Keeping Mum Movie Review
Cast & Crew
Director : Niall Johnson
Producer : Matthew Payne, Julia Palau,
Screenwriter : Niall Johnson, Richard Russo,
The Goodfellow family has problems. The father, Reverend Walter Goodfellow (an exhaustingly unfunny Rowan Atkinson) seems to be at the beck and call of an elderly parishioner who is in need of constant companionship. This leaves his wife, Gloria (Kristin Scott Thomas), sexually frustrated and constantly without her husband to solve it. She also has a daughter (Tamsin Egerton) who has a knack for making vans rock and a son (Toby Parkes) who can't stand up to a gang of bicycle riding twerps.
Enter Mrs. Hawkins (Smith), a nanny and housekeeper with a sunny disposition and an odd sense of humor. The minute she enters their lives, things begin to get better: the yapping dog across the way shuts up and disappears, Toby finds that by simply saying the word 'broccoli' the brakes on the bikes of the gang go out, and Gloria's lover, Lance (Patrick Swayze, doing that sleazy thing), stops videotaping her daughter changing in the window. Suspiciously, these nuisances tend to be sorted out with violence and, in some cases, homicide. There's no way Mrs. Hawkins could be responsible. No bloody way, right?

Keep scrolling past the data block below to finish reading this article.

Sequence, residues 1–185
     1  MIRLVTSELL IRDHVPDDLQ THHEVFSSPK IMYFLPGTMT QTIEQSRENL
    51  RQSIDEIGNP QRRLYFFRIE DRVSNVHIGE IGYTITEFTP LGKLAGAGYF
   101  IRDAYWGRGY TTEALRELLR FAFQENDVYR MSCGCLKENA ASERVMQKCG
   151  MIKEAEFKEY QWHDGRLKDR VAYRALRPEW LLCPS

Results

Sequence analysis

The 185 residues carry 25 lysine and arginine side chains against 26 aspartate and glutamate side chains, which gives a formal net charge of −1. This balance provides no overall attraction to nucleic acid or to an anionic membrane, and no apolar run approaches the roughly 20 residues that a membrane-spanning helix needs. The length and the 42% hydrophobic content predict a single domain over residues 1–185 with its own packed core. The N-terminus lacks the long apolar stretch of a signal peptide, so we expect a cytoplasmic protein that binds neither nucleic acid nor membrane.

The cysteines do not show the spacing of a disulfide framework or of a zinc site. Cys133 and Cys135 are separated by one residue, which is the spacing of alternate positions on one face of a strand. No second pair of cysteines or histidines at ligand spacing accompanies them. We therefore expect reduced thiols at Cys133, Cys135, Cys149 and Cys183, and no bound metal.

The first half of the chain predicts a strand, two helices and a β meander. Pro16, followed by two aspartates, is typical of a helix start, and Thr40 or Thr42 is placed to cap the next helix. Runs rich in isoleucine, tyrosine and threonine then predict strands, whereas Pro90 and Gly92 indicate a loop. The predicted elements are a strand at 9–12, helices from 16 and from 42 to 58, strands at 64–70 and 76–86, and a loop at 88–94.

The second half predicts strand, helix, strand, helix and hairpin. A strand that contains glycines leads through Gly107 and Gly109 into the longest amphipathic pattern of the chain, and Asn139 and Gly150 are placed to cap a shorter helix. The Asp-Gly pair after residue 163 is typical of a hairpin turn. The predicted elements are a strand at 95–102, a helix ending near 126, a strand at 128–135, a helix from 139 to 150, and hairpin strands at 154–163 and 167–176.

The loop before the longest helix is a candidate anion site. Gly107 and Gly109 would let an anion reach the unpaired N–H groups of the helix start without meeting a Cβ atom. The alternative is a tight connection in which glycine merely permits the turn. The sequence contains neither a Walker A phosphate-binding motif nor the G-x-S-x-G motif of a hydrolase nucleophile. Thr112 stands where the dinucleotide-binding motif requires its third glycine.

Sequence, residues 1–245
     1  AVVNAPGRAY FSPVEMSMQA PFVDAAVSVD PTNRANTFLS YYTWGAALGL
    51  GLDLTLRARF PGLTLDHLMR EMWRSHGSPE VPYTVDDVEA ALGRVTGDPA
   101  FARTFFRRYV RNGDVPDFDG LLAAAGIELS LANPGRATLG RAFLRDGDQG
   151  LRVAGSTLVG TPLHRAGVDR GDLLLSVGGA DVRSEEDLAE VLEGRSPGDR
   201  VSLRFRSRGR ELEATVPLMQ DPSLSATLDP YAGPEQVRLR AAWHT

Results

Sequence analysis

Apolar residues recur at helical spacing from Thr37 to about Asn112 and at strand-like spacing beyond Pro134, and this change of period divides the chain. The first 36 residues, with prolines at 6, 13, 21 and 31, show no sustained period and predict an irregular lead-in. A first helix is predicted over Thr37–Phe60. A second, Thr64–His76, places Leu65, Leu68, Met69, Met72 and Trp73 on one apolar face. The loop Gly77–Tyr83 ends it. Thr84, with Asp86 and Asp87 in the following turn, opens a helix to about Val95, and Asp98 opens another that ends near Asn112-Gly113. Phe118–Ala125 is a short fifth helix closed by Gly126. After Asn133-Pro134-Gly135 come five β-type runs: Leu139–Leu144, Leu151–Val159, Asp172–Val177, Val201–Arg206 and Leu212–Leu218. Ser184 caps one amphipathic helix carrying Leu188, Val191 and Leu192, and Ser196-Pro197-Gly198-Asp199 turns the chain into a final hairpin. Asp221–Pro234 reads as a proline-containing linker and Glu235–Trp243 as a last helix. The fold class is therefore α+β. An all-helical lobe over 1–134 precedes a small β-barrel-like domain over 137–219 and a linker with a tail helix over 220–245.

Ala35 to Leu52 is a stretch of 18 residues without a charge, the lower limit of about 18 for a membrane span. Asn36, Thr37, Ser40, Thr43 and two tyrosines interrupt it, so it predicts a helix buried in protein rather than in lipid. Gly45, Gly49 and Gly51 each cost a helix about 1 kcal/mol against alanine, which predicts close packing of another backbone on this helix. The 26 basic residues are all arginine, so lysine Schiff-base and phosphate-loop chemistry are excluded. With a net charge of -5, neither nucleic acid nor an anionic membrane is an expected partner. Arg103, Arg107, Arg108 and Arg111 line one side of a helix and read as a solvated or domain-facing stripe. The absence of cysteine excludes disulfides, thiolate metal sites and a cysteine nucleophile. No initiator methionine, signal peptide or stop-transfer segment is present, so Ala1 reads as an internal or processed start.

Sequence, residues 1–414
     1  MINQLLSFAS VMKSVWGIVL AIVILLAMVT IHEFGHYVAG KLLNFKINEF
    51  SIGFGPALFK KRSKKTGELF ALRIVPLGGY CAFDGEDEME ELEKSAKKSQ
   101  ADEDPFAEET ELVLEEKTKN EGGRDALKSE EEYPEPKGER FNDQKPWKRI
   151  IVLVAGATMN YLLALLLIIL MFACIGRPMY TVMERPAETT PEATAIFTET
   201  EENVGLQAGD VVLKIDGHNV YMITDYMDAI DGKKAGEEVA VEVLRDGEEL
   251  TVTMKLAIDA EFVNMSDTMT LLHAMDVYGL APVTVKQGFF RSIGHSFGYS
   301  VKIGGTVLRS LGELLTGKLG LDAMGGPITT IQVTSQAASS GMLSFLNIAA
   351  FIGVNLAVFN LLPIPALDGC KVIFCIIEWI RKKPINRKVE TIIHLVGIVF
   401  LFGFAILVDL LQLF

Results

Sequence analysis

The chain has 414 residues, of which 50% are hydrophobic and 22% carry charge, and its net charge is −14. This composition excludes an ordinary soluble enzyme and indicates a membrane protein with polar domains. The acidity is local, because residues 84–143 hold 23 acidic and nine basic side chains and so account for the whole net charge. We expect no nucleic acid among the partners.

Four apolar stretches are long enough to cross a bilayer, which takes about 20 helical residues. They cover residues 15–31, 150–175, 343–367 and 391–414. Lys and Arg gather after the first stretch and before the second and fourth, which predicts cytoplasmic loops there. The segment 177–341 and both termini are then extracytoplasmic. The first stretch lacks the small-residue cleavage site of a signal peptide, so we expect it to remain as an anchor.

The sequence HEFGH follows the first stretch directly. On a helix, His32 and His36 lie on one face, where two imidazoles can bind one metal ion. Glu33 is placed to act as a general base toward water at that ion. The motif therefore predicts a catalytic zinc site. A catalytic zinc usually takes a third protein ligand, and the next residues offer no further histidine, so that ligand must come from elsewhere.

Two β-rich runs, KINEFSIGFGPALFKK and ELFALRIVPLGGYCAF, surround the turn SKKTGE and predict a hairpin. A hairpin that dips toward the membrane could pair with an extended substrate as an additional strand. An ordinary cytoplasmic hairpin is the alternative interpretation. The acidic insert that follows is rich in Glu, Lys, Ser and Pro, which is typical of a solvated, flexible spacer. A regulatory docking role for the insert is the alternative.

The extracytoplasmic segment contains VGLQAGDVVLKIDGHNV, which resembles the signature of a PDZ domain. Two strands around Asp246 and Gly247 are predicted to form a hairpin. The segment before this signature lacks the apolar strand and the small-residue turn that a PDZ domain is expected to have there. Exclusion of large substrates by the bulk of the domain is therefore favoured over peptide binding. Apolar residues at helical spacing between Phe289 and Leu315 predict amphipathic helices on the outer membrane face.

Adapted from a Richard Russo story (to think the man behind Empire Falls is also behind this rubbish), Keeping Mum seems to be apt for that family who wants just that little hint of darkness in their Saturday night/post-church Sunday morning movie. It's a tease, and for the most part, a total sham. The supposed Mary Poppins-cum-Serial Mom tendencies don't help the fact that we still know that everything will be solved. If you've seen Sinbad solve Phil Hartman's problems, Maggie Smith solving Kristin Scott Thomas's isn't exactly new hat. Furthermore, the darkness and the murders have no real consequences, nor do they ever have any specific use besides trying to make the film darker.
Maggie Smith tends to be acceptable in anything she does, and this is no exception. Her delivery and simple presence polishes up the film just a little bit. Besides that, the entire film, including Gavin Finney's insufferably drab cinematography and Dickon Hinchliffe's abhorrently sweet score, seems to be shrouded in a veil of utter boredom. Do yourself a favor: save some money, go to England, and see the good British films that are coming out next year at this time. Or, I guess, you could go to a museum or something.
What say we all go to the road house?
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